This book discusses genome-based strategies to provide a holistic understanding of yeasts in Human Health and as model organisms in basic research or industrial production. Using numerous Saccharomyces cerevisiae strains and various non-conventional yeast species isolated from diverse origins, it describes essential biological processes, the biotechnological exploitation of yeast and pathogenesis control. It also demonstrates how functional and comparative genomics and the development of genome engineering tools are used in modern yeast research.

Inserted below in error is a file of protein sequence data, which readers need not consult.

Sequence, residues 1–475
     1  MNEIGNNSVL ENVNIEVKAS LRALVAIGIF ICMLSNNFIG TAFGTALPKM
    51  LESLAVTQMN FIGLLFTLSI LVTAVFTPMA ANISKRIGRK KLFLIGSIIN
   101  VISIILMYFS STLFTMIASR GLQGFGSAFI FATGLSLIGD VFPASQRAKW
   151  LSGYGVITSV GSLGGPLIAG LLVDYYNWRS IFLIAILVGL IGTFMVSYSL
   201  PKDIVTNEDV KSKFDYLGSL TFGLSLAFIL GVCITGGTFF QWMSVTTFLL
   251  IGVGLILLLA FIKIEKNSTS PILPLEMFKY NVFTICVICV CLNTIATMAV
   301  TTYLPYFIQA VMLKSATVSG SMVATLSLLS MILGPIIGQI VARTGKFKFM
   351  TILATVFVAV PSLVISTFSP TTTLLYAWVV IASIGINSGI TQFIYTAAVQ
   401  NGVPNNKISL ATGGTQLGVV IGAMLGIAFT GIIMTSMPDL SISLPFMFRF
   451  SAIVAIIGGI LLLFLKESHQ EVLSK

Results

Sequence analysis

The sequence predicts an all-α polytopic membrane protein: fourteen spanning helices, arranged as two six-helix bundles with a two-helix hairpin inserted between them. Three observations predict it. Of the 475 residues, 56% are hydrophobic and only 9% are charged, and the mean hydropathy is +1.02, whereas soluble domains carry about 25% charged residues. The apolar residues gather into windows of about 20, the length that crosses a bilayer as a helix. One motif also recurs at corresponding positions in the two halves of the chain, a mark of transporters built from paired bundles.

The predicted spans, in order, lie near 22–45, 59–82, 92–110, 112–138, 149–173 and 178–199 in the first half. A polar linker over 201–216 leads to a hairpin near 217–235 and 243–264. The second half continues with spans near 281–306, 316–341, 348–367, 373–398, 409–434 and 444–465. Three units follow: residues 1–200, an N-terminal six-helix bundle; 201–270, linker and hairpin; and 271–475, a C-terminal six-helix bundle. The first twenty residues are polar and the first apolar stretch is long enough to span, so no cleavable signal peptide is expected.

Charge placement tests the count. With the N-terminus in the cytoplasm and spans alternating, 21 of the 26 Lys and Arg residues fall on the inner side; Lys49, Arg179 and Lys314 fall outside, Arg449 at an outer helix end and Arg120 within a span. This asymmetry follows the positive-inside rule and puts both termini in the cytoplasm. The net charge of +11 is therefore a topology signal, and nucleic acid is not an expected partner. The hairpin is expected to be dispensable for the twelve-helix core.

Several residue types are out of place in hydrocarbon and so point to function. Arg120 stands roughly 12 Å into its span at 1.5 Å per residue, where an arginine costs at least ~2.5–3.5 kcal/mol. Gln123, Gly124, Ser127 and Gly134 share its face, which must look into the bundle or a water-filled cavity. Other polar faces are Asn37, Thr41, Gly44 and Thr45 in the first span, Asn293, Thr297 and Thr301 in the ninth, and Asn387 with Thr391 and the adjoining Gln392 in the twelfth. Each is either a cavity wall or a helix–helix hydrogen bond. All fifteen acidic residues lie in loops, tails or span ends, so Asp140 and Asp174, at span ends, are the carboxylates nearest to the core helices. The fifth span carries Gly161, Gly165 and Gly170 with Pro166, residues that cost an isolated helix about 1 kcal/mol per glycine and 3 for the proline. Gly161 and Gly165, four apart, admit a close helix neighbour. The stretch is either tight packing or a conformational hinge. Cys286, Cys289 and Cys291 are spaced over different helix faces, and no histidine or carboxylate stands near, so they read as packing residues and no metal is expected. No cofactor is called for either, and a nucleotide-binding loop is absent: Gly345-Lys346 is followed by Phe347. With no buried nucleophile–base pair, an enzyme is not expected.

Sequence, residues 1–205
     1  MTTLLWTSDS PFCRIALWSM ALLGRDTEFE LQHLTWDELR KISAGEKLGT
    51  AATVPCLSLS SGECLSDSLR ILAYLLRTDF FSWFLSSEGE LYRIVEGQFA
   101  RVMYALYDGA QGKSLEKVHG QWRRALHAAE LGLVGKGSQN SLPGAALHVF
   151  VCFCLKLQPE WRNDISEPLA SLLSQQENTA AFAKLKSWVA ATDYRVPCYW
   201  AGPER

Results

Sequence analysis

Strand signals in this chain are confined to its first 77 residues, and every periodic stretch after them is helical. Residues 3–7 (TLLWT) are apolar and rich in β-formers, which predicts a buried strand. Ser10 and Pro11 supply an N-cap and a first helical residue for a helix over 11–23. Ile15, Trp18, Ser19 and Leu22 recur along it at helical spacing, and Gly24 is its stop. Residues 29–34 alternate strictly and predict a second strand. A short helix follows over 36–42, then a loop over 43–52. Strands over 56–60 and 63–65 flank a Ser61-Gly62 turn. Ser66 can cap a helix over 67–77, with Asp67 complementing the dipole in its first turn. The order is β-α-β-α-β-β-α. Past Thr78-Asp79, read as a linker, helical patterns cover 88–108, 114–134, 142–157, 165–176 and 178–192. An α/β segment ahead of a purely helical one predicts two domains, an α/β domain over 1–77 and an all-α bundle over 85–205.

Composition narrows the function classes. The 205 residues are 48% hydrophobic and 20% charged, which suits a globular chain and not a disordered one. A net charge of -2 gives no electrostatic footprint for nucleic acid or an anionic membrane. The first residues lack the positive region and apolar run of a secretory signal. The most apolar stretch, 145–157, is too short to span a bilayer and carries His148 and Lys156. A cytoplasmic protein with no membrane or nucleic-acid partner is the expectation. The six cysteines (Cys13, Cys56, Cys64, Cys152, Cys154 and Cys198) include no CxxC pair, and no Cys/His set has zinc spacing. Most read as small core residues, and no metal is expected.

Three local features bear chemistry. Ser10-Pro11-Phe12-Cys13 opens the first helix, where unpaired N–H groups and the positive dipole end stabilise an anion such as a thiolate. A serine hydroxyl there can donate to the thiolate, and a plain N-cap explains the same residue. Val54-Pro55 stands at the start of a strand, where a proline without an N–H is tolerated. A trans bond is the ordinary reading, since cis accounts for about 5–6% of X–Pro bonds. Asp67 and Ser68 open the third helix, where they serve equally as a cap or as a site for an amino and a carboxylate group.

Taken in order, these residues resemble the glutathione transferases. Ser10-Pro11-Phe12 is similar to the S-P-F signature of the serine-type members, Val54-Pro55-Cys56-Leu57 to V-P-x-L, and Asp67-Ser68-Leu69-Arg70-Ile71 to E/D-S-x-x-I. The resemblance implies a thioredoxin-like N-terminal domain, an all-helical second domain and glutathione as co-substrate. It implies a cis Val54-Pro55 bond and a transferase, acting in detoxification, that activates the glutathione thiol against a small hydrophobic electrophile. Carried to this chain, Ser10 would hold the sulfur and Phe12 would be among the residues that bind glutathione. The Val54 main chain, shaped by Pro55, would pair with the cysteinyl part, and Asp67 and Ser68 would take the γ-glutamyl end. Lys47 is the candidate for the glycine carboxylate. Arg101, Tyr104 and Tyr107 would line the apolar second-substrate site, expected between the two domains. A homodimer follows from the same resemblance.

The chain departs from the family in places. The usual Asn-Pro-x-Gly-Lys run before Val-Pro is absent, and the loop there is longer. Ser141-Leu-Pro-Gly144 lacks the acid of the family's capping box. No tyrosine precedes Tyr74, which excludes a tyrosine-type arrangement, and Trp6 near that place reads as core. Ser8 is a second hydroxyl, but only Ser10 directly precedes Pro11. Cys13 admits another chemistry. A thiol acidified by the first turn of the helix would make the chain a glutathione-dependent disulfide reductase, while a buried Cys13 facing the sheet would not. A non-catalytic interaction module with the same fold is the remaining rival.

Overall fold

The use of yeasts as experimental eukaryotic models increasingly gained prominence when several Nobel Prizes in Physiology/Medicine and Chemistry were awarded for innovative research, using yeast strains to elucidate molecular mechanisms in a wide range of human physiological processes and diseases, such as autophagy, cell cycle regulation and telomerase activity.
This book offers useful insights for scientists in yeast research, clinical scientists working with yeast infectious models and for industrial researchers using applied microbiology.